question of title raised on the basis of a transfer which (1) A.I.R. 1929 All.
235 took place two years prior to the
adjudication, but the learned Judge, however, refrained from giving any opinion
on the other question, which in our opinion was the most pertinent question to
be answered having regard to the specific distinction made by s. 53 between
void and voidable transactions. Sen, J., appears to have sounded a discordant
note in observing as follows :
"My answer to the reference is (1) An
insolvency Court cannot try a question of title relating to a transfer which
has taken place more than two years before the order of adjudication having
regard to the provisions of s. 53, Insolvency Act.
(2) Where the transfer was intended not to be
operative from the beginning and the insolvent had remained in possession of
the property the receiver may apply for its annulment. But where the transfer
was executed by a proper instrument and duly registered and was intended to put
the property beyond the reach of the creditors and a third party is claiming
under the transfer, such a transaction cannot be treated as a mere paper transaction."
We feel that the view of Sen. J., appears to be based on a correct
interpretation of ss. 4 and 53 of the Act. King, J., agreed with Dalal, J., and
observed as follows "I see no difficulty, therefore, in giving a meaning
and effect to the words "subject to the provisions of this Act"
without construing them in the restrictive sense suggested by my learned
brother Sen, J. In my opinion they do not bar the jurisdiction of the
insolvency Court to decide a question of title under the ordinary law when the
special provisions of the Act do not apply." In a later decision of the
Allahabad High Court in Madan Kumar and Anr. v. M/s. Hari Narain Agrawal and
Ors (1) following the Full Bench decision referred to above, it was observed as
follows "As observed earlier, Section 53 refers to transfers which are
only voidable and it does not cover a case where the transfer is claimed to be
void since its inception. The bar of two years provided for in Section 53
should not therefore, apply to a transaction which is claimed to be void."
We are of the opinion that the learned Judge has laid down the Correct law on
the subject. A Full Bench of the Bombay High Court in Padamsi Premchand and
others v. Laxman Vishnu Despande and others(2) has taken the same view, which
we have taken. In that (1) A.I.R. 1977 All. 141.
(2) A.I.R. 1949Bom. 129.
236 case, and which we feet is based on a
correct and true interpretation of ss. 4 and 53 of the Act, after considering
the history of the Act,,. Chagla, C. J., speaking for the Court observed as
"It is perfectly true that S. 4 is
merely declaratory of the junsdiction of the insolvency Court..........
Therefore, Mr. Desai is right when he says that if a transaction falls within
the ambit of s. 53, then it can only be challenged provided the conditions laid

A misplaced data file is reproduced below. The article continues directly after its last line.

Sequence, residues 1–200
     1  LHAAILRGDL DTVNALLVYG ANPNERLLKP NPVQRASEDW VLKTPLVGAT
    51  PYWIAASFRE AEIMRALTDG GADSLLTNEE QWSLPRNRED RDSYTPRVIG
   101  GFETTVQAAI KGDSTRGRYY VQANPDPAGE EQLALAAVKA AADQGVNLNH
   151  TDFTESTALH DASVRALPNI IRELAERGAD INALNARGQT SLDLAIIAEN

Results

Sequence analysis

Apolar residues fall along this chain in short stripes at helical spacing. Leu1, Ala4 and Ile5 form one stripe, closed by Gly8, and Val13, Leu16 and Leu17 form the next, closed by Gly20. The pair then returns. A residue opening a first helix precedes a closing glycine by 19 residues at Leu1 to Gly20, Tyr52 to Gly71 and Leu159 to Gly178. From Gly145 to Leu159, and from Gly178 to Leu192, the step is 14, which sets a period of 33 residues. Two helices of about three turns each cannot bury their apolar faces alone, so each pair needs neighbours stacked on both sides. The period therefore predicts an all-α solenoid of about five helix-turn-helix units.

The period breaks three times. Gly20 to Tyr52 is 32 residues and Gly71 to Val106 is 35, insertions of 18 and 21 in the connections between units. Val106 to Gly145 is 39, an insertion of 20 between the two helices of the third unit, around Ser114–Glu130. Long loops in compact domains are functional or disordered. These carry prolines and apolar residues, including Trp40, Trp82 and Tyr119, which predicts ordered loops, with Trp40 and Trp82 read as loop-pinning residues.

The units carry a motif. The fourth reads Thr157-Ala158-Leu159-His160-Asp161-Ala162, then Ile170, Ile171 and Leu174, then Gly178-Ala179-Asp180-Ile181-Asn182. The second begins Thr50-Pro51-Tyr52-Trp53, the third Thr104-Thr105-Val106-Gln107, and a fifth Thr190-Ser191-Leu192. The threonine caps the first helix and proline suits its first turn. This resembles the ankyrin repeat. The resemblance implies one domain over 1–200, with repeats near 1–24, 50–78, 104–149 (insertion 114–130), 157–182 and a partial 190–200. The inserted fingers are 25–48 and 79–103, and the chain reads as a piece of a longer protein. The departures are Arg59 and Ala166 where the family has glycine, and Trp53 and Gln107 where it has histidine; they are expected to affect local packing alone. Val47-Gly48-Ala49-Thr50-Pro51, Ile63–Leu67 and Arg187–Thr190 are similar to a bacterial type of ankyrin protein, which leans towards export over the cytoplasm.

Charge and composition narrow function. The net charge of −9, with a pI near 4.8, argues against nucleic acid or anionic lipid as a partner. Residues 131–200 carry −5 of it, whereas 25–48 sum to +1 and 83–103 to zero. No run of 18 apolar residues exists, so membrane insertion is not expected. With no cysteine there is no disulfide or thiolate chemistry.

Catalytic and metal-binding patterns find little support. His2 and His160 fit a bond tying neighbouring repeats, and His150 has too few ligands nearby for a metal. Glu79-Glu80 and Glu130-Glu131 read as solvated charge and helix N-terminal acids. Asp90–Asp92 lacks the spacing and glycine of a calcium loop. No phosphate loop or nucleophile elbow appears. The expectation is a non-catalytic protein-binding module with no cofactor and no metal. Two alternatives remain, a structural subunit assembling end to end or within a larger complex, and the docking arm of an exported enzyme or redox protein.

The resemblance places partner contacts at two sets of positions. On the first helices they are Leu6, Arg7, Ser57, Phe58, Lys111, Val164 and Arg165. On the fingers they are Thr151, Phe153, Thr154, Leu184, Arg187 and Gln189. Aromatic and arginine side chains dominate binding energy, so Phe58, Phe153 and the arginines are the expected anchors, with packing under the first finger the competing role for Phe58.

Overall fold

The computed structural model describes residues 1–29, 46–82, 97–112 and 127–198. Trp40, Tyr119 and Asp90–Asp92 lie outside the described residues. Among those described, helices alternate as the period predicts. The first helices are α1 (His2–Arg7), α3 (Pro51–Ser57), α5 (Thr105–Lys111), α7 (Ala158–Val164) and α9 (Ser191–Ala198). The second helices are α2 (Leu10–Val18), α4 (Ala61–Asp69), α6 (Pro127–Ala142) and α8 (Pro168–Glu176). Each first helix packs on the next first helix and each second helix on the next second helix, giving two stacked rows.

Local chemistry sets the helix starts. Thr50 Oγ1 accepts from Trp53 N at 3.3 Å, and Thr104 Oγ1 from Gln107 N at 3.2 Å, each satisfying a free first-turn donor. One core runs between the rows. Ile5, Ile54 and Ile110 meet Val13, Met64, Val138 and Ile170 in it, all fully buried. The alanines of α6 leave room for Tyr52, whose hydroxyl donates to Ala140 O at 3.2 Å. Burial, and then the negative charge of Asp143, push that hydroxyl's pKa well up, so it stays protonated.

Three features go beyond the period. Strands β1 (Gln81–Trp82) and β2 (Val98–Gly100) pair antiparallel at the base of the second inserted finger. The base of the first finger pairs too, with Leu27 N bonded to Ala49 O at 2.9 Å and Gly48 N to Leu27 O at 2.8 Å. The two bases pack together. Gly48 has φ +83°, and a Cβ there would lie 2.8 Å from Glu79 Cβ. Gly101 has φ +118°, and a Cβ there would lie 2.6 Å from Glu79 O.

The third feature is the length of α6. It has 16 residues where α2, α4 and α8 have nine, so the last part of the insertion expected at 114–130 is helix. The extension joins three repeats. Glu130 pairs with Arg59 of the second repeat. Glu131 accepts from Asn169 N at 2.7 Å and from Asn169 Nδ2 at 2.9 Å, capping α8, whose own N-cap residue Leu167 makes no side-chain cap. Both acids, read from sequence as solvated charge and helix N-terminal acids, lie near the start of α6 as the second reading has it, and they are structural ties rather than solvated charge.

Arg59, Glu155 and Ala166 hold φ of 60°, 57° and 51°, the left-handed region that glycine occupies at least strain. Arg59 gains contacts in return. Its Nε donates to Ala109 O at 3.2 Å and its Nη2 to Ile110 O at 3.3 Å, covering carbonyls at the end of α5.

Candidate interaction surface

down in that section are satisfied......
In our opinion transactions which are
challenged on the ground of their being fictitious or nominal do not fall
within the ambit of s. 53, then s. 4 is wide enough to confer upon the
insolvency Court jurisdiction to decide whether these transactions were in fact
nominal or fictitious." We find ourselves in complete agreement with the
view expressed by Chagla, C.J., in the aforesaid decision. The Bombay High
Court further pointed out that the same view was taken by the Calcutta High
Court in Radha Krishna Thakur and Anr v. Official Receiver,(1) by the Patna
High Court in Biseswar Chaudhuri v. Kanhai Singh (2) the Nagpur High Court in
G. N. Godbole v. Mt. Nani Bai,(3) and the Lahore High Court in Budha Mal v.
Official Receiver.(4) The only decision which appears to have taken a contrary
view is of the Oudh Chief Court in Amjad Ali and others v. Nand Lal Tandon and
others(5) which appears to be the shoot-anchor of the argument of the learned
counsel for the respondent. The Oudh Chief Court observed as follows "We
do not consider that where in s.
5 3 which is governed by this heading the Act
gives the Court power to annul transactions entered into, within two years we
should go out of our way to find that a general section in the same Act gives
power to the Court to annul transactions which may have been entered into at
any time and which are void able under the ordinary law under s. 53, T. P. Act.
In our opinion transactions of this nature
must be challenged, if at all, in an ordinary civil Court and not in the
With dud respect, however, we are unable to
agree with the view expressed by the learned Judges of the Chief Court Oudh,
because they seem to overlook the distinction made by s. 53 between a void and avoidable
transaction. Moreover, the Oudh Chief Court was concerned with a benami
transaction and it is not necessary for us to say anything about such a
transaction, because in the instant case we (1) A.I.R. 1932 Cal. 642.
(2) A.I.R. 1932 Pat. 129.
(3) A.I.R. 1938 Nag. 546.
(4) A.I.R. 1930 Lah. 122.
(5) A.I.R. 1930 oudh. 314.
237 are concerned with a transfer which was
sought to be challenged on the ground that it was a nominal and sham
transaction and thus a void transaction which clearly falls within the four
comers of s. 4 of the Act and is not covered by s. 53 of the Act so as to
deprive the Insolvency Court of its jurisdiction to determine the question of
title of the transfer.
For these reasons, therefore, we are clearly
of the opinion that in the present case the Additional District Judge was right
in holding that the Insolvency Court had complete jurisdiction to decide the
validity of the transfer when it was challenged on the ground that it was a
sham and a fictitious transaction which need not have been set aside and a
declaration that the transfer was void was sufficient.
The view taken by-the High Court is legally
erroneous and is not in consonance with the correct interpretation of ss. 4 and
53 of the Act.
We, therefore, allow the appeal, set aside
the judgment of the High Court and remit the case back to it for a fresh
disposal of the appeal on merits. We make no order as to costs.